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February 8, 2012

O2 trials work from home strategy ahead of Olympics

Telecoms firm is preparing for disruption to transport, but will the strain on Internet services prove too great?

By Vinod

Thousands of staff at O2’s UK headquarters have spent the day working remotely to test how prepared the company is to deal with potential disruptions during this summer’s Olympic Games.

While around 3,000 workers will be operating remotely – whether it’s from home or a public place – the headquarters near Slough will be empty. The telecoms giant says it is not only a test in case there is any travel disruption or delays during the summer Games but also part of a wider flexible working policy, a policy that has already saved O2 over £3m.

The policy has also seen the company reduce the number of desks at its Slough office to just 550, well below the number of employees there. Encouraging workers to be more mobile has also helped O2 achieve a 53% reduction in its carbon emissions.

"We believe a cultural step-change is underway affecting staff and businesses, as work increasingly becomes something we do, rather than a place that we go," said O2 Business Director, Ben Dowd. "Today’s office-wide flexible working initiative is an opportunity for us to take the next step on our flexible working journey and tangibly demonstrate the opportunity and potential available to British businesses today."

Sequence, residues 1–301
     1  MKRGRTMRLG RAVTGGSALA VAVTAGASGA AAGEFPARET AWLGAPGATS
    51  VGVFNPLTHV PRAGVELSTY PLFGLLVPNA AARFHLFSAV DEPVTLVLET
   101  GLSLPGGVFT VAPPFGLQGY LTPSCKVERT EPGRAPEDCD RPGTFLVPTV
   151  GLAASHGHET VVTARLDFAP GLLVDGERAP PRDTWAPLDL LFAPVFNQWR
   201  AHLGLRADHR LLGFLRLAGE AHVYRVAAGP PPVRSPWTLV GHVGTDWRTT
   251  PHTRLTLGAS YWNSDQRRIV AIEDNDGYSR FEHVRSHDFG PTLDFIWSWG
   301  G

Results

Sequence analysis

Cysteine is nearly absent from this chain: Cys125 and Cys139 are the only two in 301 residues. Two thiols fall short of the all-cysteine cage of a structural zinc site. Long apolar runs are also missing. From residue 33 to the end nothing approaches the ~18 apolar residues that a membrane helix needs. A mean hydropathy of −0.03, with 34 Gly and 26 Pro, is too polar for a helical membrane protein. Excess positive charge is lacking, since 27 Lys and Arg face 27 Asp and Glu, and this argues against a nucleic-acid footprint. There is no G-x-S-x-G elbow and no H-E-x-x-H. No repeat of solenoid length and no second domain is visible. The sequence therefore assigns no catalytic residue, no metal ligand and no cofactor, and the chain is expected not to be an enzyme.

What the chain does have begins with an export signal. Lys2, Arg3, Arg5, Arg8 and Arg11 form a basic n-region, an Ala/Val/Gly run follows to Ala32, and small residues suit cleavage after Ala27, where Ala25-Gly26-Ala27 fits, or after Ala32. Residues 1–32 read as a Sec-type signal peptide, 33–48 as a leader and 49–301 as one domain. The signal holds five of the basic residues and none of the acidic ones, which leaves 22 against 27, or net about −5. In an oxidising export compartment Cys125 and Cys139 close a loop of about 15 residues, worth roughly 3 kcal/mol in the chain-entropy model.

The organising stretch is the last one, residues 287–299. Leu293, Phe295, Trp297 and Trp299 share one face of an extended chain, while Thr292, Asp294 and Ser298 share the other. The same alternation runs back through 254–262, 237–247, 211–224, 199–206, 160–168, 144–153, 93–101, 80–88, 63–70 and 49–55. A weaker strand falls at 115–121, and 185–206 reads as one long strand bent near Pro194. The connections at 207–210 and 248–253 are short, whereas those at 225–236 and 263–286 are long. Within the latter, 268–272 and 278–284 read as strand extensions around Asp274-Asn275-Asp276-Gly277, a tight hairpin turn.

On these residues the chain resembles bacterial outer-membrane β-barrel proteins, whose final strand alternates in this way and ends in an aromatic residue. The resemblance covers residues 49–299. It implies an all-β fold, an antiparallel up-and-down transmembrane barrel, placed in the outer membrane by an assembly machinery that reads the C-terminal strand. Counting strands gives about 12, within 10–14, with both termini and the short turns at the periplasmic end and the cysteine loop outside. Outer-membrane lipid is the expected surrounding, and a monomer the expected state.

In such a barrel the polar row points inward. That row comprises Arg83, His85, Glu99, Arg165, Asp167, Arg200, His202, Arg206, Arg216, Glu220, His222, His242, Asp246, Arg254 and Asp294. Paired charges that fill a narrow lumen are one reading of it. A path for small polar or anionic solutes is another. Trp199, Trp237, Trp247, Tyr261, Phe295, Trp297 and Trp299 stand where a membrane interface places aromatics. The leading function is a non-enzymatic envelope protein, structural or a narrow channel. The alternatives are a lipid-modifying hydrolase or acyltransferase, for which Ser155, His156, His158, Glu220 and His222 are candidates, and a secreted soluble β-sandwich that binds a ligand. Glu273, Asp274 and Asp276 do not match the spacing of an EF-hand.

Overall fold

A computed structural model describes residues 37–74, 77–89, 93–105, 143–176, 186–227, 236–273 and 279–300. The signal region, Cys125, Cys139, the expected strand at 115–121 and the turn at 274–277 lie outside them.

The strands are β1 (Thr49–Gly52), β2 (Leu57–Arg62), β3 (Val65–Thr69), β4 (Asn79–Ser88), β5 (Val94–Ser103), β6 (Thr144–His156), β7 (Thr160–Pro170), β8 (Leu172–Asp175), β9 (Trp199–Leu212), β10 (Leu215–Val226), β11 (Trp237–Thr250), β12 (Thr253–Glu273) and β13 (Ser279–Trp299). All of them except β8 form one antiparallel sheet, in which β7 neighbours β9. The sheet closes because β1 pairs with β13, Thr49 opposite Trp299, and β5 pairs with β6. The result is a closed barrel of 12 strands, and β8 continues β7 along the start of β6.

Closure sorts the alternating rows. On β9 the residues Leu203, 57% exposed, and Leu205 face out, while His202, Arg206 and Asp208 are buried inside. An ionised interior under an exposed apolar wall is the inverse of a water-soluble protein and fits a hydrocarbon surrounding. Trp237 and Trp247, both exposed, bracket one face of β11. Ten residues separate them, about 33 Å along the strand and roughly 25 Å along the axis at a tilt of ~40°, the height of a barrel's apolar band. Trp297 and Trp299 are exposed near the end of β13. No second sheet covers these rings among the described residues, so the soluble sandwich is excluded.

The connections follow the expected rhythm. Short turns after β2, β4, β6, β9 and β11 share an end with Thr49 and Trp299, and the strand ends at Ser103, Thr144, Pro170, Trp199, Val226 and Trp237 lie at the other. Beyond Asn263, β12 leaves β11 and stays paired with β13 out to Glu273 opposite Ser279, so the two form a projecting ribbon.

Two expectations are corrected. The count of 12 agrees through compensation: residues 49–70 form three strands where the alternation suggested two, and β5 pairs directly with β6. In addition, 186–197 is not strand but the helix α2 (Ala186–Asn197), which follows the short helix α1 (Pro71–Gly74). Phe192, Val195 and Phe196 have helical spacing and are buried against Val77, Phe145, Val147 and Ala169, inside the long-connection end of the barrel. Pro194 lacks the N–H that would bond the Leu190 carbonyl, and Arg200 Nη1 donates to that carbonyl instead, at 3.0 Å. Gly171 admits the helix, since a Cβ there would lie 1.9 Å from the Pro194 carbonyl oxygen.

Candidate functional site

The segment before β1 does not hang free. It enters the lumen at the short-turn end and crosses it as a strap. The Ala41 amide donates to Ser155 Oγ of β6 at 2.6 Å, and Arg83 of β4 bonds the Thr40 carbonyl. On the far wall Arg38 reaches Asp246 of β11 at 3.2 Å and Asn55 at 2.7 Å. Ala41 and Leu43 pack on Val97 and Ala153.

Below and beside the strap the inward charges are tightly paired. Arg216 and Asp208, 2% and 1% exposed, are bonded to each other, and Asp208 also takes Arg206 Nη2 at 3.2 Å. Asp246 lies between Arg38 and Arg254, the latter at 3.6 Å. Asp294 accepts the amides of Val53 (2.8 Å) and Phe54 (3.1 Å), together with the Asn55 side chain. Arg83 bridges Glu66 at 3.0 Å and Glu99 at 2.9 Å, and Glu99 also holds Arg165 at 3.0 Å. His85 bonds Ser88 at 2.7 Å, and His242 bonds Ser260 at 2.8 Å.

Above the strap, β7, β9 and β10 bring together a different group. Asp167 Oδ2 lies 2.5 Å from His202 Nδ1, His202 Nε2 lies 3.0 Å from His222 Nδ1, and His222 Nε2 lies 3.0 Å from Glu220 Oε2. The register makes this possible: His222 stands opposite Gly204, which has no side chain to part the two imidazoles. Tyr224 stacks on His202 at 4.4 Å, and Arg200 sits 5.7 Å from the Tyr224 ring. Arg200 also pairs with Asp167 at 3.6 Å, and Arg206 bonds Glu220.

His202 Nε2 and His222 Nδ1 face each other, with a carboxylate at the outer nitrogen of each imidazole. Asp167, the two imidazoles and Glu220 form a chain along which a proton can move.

"We practice what we preach, and by asking O2 employees to work together as a team to test the company’s flexible working practices for themselves, we want to show that there are no limits – no matter how big or small your business is. By sharing experiences from across our business, from business divisions to operations, we hope to encourage more organisations to help their workforce become mobile," he added.

In a similar trial this week, thousands of civil servants are working from home. If the trial is successful the government hopes to have many employees working from home during the Olympics, to ease the pressure on London’s Underground system.

However, the plans of thousands of workers to operate from home during the Games could be disrupted by poor Internet speeds. A recent report from the Cabinet Office claimed that the extra strain on the UK’s Internet infrastructure could result in speeds slowing down or even crashing completely.

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